I’m a culture bully. If there’s something in my life that’s touched me, or made me laugh, something that’s forced me to think or change or puts into words the whatsitmabob I’ve always cloudily considered but couldn’t verbalise myself, then I will peer-pressure the fuck out of you until you love it too.
See: the Lean In movement, Brixton Market on a Sunday, Marina Abramović, Whitney Houston's everything, power ballad club nights, extended critical analysis of GIRLS and butter.
It’s an isolating trait. At school we once went on a class trip to see a performance of Electra and guys. The set! The production! The layers that unfurled themselves to you if only you paid attention! THAT GUY WHO PLAYED THE BROTHER! It truly rocked my world, and I needed to talk about it.
But the day after the trip nobody had anything to say. It was largely the teacher and me who dissected the magic in class feedback. At the lesson’s end I picked up a crumpled piece of paper on the desk beside mine that said, I hate it when she gets like this. She’s so pretentious. That note was about me, and I left distraught.
I thought of that incident on Tuesday night, as 20 of the most interestingly diverse and bookish people I’ve ever had the privilege of being in a room with discussed what exactly they thought about Simon Rich’s Elliot Allagash and then, without prompt, continued to talk about books long after the formal dialogue had ceased. As in like, out of choice. Because they, errrr, really like books.
‘Everyone should have introduced themselves by saying what their favourite novel is,’ one attendee noted after the initial discussion, sloshing red wine from bottle to glass.
Another replied, ‘Oh God, no, that’s a terrible idea. We’d all get judge-y, there’d be huge pressure to pick something that reflected juuuuust the right balance of intellect with irony.’
A fella said, ‘And anyway, as if anyone could narrow down a literary selection to just one book.’ There was laughter all round.
‘I couldn’t even get a shortlist.’
I ummmed and ahhhed for a second, weighing up possible response, and then admitted, a bit sheepishly, ‘I have an immovable all-time top five, that I re-vist, in turn, annually.’
If I’d’ve said that in the classroom of the early 2000’s, a note would’ve been passed around for me to later see, damning my ridiculousness. But, when you find the people who love what you love, obnoxious adoration simply gives way to earnest dissection of the finer points of Yates’s unspoken dialogue in Revolutionary Road, and Zadie Smith’s character development in On Beauty. Geeky honesty means that one book-lover waxed lyrical about Catch 22 with such fevered and desperate passion that you bet your Amazon ass that I hit “order” online the second I got home. Those people made me feel normal.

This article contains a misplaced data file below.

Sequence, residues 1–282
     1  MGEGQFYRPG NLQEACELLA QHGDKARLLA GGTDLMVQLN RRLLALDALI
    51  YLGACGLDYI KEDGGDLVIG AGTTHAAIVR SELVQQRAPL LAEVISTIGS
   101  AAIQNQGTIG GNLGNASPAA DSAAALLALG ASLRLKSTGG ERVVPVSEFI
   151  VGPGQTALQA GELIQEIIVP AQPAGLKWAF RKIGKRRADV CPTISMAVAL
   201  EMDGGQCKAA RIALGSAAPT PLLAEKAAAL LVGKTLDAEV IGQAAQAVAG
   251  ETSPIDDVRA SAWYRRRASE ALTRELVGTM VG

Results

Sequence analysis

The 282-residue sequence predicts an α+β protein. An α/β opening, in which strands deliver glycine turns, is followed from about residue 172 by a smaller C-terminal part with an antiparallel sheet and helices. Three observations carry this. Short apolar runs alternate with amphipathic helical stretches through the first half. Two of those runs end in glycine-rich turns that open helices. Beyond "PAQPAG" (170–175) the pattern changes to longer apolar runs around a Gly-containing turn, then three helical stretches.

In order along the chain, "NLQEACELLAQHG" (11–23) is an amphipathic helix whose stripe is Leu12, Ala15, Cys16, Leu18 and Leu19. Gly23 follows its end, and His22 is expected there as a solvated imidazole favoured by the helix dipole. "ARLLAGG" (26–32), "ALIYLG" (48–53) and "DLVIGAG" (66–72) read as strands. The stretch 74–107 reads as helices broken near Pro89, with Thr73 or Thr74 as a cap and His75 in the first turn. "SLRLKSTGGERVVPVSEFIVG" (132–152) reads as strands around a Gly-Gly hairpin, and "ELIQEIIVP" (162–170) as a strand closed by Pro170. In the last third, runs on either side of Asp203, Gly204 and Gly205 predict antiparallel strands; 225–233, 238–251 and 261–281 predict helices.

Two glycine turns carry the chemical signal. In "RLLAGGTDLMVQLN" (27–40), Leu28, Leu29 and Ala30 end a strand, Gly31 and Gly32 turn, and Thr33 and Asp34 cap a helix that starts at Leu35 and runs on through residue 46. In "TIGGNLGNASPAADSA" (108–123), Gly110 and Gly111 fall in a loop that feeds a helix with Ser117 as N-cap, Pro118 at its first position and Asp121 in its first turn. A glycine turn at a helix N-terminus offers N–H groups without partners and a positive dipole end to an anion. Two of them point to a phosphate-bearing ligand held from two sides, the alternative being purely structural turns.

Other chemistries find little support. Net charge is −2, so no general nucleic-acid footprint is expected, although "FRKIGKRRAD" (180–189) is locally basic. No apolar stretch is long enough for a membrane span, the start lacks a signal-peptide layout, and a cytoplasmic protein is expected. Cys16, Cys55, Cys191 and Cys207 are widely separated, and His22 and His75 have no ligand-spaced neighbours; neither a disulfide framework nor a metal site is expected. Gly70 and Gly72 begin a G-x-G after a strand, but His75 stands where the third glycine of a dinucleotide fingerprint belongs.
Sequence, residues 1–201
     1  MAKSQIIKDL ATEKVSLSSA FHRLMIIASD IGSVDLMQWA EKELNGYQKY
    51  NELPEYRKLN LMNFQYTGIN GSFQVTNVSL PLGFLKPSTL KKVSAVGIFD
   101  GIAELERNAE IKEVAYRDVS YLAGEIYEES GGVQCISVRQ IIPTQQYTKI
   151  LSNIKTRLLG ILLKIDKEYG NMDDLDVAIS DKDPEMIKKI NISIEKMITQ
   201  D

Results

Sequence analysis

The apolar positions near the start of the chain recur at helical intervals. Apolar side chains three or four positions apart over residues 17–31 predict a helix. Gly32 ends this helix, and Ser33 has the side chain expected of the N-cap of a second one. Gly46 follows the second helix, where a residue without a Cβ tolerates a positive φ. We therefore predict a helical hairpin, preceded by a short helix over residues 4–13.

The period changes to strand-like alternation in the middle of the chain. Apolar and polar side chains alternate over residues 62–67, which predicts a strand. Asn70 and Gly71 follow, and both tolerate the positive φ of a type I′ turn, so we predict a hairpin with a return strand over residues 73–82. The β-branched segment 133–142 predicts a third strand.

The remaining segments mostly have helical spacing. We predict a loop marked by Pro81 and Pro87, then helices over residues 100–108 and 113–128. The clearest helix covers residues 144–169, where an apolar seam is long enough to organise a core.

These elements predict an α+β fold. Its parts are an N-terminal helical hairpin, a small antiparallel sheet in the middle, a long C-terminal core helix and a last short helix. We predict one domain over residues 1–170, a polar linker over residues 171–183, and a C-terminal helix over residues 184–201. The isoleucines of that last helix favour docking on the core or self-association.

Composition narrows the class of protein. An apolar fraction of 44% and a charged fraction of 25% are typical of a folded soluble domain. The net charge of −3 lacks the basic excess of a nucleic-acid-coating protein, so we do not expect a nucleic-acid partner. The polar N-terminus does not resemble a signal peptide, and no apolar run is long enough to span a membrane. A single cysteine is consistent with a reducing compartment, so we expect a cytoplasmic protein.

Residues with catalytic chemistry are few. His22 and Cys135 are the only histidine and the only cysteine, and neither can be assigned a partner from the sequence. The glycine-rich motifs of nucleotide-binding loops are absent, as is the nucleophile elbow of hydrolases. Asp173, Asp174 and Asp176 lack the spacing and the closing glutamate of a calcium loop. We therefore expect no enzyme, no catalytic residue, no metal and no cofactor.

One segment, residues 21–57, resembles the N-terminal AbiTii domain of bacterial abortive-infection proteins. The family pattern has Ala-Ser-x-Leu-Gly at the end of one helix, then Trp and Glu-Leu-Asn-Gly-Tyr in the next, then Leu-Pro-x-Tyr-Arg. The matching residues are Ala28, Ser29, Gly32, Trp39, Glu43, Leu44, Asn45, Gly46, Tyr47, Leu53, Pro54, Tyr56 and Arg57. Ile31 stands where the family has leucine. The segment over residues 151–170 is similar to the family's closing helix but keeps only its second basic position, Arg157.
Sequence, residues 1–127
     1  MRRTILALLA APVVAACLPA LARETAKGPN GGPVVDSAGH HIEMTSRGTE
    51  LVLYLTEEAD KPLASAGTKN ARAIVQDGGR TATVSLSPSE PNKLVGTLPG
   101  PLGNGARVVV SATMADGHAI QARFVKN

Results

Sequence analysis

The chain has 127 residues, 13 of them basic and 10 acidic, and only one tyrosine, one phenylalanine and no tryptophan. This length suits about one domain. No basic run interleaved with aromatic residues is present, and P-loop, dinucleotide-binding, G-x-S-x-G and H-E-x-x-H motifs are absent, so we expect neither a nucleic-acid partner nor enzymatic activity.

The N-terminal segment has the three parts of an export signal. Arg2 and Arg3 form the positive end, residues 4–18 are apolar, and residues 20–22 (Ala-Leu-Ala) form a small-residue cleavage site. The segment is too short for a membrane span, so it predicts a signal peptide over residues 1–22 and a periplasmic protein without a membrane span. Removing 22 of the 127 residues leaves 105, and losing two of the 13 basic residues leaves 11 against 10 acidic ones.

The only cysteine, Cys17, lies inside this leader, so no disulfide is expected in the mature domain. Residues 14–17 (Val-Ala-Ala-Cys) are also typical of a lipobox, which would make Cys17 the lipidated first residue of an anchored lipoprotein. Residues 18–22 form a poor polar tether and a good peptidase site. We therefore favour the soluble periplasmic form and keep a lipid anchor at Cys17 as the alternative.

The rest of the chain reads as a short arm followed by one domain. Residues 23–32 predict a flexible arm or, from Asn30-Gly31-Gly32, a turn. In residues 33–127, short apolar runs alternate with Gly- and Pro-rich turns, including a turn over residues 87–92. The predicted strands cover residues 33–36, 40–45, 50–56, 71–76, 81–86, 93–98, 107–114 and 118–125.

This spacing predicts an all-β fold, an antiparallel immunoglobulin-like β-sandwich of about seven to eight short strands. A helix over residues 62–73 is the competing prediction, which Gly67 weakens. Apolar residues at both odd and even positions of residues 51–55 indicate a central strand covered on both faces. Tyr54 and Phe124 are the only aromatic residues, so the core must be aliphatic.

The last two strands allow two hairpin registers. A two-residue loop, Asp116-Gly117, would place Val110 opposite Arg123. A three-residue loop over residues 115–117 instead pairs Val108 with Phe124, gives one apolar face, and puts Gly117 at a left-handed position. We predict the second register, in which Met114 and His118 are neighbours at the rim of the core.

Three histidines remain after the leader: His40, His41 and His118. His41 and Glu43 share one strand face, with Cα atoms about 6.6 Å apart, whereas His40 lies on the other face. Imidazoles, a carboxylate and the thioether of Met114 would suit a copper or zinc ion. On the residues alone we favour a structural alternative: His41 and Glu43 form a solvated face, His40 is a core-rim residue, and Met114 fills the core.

I’m not traditionally academic, and in a room of people who know what they’re talking about often I seem a bit naive and confused, assembling points as I speak and saying “Does that make sense?” after every sentence. But Book Club is a warm and fuzzy place where literary one-upmanship isn’t sport. It’s a bunch of people dead excited about stories, and a desperate need to talk about them. It’s book wanking in its most unadulterated form and it makes me feel like I belong.
At the weekend The Sunday Times did a feature on dogging, and well, Book Club is basically that. Dogging. The article reported that dogging all starts out very normal- lots of standing around chatting, talking about the weather. Then BOOM, something changes and suddenly everyone is sucking this and sitting on that, and Book Club works exactly the same.
To an outsider we’d look like any other bunch of Londoners who didn’t know each other very well, as 7 p.m. comes and goes and chat gives way to book talk. Then, as with the dogging, suddenly, at an unspecified point, the mood in the room shifts and somebody dares to get bold and wang their real opinion out on the table, and before you know it we’re all disrobing inhibitions to reveal true thought and feeling and it’s all yes, books! Books! Books! as we watch each other get excited and disappointed and vulnerable in our beliefs.
It’s the purest form of pleasure I’ve experienced in ages, just sharing what I love with people who love it too. I urge you, then, with the same belligerent tenacity as I would recommend anything by Nora Ephron: find your fellow doggers, and do it now, for it makes all the difference. It’s home.
Want to say something about this post?